The Yellowstone Plateau volcanic field developed through three volcanic cycles spanning over two million years and including two of the world's largest known eruptions.


The >2450 km3 (588 mi3) Huckleberry Ridge Tuff erupted about 2.1 million years ago, creating a large, approximately 75 km (47 mi) wide, caldera and thick volcanic deposits. A second cycle concluded with the eruption of the much smaller Mesa Falls Tuff around 1.3 million years ago. Activity subsequently shifted to the present Yellowstone Plateau and culminated 640,000 years ago with the eruption of the >10003km (240 mi3) Lava Creek Tuff and consequent formation of the 45 x 85 km (28 x 53 mi) caldera. Large volumes of rhyolitic lava flows (approximately 600 km3 (144 mi3) were erupted in the caldera between 180,000 and 70,000 years ago, distributed primarily along two north-south alignments of vents. No magmatic eruptions have occurred since then, but large hydrothermal explosions have taken place during the Holocene, including near Yellowstone Lake. Uplift and subsidence of the ground surface is centered on two uplifted regions (the Mallard Lake and Sour Creek resurgent domes). Large earthquakes occur just off the plateau along the nearby Teton and Hebgen Lake faults, the latter of which ruptured in 1959 (Ms = 7.5), causing considerable damage to the region. Yellowstone is presently the site of one of the world's largest hydrothermal systems including Earth's largest concentration of geysers.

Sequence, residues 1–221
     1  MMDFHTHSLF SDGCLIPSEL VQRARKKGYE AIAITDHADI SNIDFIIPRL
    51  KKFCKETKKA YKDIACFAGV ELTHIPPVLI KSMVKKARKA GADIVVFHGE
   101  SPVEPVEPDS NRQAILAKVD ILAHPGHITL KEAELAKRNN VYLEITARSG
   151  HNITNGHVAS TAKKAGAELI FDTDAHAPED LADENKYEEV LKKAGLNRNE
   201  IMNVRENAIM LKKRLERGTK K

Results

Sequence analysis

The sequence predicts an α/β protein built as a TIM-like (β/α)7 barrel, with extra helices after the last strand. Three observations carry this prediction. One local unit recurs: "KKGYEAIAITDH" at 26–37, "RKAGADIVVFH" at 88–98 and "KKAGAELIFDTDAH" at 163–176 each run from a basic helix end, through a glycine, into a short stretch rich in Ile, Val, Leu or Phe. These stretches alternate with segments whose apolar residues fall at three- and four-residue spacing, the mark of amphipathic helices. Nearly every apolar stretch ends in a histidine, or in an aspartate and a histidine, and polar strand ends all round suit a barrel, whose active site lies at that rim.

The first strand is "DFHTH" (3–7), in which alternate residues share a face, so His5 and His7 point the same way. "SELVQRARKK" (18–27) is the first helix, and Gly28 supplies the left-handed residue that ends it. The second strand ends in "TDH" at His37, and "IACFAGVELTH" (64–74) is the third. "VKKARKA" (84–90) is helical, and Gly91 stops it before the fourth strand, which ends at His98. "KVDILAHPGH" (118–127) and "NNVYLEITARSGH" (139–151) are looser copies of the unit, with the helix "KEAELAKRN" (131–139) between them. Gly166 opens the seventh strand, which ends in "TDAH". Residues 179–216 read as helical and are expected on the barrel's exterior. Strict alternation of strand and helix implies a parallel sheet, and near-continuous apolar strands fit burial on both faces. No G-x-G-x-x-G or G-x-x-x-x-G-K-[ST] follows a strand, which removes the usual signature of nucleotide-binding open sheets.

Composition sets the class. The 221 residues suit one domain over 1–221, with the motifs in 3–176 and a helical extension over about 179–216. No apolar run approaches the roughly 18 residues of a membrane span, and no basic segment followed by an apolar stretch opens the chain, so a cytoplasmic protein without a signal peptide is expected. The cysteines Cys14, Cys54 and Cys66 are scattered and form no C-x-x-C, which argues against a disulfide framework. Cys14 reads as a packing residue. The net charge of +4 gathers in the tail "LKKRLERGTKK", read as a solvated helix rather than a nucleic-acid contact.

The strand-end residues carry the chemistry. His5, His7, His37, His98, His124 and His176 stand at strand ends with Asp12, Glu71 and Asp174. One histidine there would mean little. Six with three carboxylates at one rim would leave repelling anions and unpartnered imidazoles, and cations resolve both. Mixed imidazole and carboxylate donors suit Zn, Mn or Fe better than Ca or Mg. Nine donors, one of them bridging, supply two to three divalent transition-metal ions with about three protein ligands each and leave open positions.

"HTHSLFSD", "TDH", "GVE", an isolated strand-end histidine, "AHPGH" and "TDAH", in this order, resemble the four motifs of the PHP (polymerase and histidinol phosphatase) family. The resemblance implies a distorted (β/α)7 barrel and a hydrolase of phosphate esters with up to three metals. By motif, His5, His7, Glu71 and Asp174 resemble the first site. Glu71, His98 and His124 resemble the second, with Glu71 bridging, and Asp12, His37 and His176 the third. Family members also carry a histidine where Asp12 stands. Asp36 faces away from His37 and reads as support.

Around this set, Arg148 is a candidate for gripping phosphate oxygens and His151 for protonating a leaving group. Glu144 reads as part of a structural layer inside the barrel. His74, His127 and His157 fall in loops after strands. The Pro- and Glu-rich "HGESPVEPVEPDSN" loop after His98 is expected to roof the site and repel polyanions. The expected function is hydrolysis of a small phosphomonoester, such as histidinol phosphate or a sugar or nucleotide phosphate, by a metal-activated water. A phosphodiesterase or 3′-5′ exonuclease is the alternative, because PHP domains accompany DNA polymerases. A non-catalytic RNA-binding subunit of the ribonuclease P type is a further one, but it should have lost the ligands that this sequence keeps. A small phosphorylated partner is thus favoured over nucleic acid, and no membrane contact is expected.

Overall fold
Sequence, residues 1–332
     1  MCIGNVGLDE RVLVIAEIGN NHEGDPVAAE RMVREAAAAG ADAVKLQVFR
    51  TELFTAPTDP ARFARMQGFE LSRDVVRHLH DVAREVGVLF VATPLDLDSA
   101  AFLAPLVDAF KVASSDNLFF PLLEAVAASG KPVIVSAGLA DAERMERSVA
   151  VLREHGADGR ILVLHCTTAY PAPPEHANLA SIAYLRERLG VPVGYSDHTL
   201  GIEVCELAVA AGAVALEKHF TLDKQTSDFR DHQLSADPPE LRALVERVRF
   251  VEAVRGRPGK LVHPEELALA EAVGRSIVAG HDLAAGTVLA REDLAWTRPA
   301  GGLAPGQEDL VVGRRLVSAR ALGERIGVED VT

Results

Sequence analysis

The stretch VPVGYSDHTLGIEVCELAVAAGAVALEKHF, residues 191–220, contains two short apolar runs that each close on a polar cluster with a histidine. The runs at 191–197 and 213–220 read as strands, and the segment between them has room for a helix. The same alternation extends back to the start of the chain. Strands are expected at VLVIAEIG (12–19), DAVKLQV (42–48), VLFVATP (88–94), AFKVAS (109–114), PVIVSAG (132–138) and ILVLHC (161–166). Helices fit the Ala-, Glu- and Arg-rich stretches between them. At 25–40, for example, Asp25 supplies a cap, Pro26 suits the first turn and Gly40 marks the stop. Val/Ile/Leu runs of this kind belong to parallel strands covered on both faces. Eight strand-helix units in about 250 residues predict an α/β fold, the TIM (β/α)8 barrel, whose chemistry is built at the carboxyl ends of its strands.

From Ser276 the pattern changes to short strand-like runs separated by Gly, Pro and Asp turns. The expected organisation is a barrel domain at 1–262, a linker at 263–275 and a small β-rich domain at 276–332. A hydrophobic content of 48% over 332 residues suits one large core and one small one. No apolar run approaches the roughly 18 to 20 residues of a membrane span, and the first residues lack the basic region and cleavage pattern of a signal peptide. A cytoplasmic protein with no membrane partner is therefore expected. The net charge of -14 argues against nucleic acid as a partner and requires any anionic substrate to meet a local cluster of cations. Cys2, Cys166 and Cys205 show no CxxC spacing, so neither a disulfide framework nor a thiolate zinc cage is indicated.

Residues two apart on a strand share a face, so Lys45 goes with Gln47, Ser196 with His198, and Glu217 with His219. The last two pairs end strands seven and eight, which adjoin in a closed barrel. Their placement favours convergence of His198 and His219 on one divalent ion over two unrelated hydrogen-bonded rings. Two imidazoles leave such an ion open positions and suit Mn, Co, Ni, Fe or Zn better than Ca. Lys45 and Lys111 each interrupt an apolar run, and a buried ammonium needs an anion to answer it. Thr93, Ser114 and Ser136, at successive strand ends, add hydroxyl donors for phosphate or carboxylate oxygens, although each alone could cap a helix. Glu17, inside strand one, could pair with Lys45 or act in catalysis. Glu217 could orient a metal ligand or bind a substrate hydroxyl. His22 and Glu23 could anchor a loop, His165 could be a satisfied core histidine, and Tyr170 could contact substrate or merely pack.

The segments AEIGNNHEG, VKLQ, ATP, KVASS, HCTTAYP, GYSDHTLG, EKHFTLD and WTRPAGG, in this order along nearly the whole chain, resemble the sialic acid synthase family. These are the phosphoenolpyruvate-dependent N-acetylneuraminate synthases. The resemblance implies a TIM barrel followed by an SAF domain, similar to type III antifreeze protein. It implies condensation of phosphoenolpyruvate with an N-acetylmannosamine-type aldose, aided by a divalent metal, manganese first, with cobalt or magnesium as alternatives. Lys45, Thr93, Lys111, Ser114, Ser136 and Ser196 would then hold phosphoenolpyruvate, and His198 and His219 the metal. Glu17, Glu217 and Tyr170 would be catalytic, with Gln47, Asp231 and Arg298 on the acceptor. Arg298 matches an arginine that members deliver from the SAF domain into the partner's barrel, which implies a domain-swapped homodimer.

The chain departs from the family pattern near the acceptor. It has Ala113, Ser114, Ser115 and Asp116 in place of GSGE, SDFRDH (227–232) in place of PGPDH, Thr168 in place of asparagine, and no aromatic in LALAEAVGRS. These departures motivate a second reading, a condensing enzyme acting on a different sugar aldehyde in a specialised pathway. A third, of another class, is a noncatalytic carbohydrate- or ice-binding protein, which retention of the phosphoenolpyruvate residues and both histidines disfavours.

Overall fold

Date published: September 27, 2021

How and why do we collect sediment cores in Yellowstone Lake?

In August 2021, YVO scientists collected sediment cores from the floor of Yellowstone Lake. Analysis of the sediment composition, as well as the fluids contained within the sediment, can provide new information about hydrothermal activity occurring out of view beneath the lake water.

Date published: September 20, 2021

Taking Yellowstone seismology to the classroom for some “deep learning”

Locating earthquakes in Yellowstone is a time-intensive process that requires the trained eye and extensive experience of a human analyst. But advances in computer algorithms, known as “machine learning” tools, hold promise for automatically locating earthquakes that might otherwise be overlooked, and the dawn of a new age in seismology!

Date published: September 13, 2021

Scientists can now “sniff” Yellowstone gases in real time

Much is known about how the chemical compositions of gases vary across the Yellowstone volcanic system, but how they vary in time has remained largely a mystery.  Our understanding should greatly improve with a recent installation of a station that continuously monitors gases and communicates those data in real time.

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